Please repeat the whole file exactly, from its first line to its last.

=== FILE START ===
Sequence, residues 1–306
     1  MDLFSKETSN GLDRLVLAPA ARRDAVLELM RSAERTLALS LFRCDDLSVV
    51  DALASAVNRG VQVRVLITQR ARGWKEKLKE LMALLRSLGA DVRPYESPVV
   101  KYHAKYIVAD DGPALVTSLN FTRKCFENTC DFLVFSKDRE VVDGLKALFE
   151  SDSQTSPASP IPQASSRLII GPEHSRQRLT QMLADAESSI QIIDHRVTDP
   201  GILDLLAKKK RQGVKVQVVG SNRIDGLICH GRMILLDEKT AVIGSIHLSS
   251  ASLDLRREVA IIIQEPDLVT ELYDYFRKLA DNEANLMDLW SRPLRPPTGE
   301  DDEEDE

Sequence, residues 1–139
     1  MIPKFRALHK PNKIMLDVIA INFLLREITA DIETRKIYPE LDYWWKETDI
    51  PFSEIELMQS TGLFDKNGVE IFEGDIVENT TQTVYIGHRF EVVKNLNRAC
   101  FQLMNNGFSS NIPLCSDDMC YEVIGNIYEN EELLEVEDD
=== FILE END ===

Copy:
Sequence, residues 1–306
     1  MDLFSKETSN GLDRLVLAPA ARRDAVLELM RSAERTLALS LFRCDDLSVV
    51  DALASAVNRG VQVRVLITQR ARGWKEKLKE LMALLRSLGA DVRPYESPVV
   101  KYHAKYIVAD DGPALVTSLN FTRKCFENTC DFLVFSKDRE VVDGLKALFE
   151  SDSQTSPASP IPQASSRLII GPEHSRQRLT QMLADAESSI QIIDHRVTDP
   201  GILDLLAKKK RQGVKVQVVG SNRIDGLICH GRMILLDEKT AVIGSIHLSS
   251  ASLDLRREVA IIIQEPDLVT ELYDYFRKLA DNEANLMDLW SRPLRPPTGE
   301  DDEEDE

Sequence, residues 1–139
     1  MIPKFRALHK PNKIMLDVIA INFLLREITA DIETRKIYPE LDYWWKETDI
    51  PFSEIELMQS TGLFDKNGVE IFEGDIVENT TQTVYIGHRF EVVKNLNRAC
   101  FQLMNNGFSS NIPLCSDDMC YEVIGNIYEN EELLEVEDD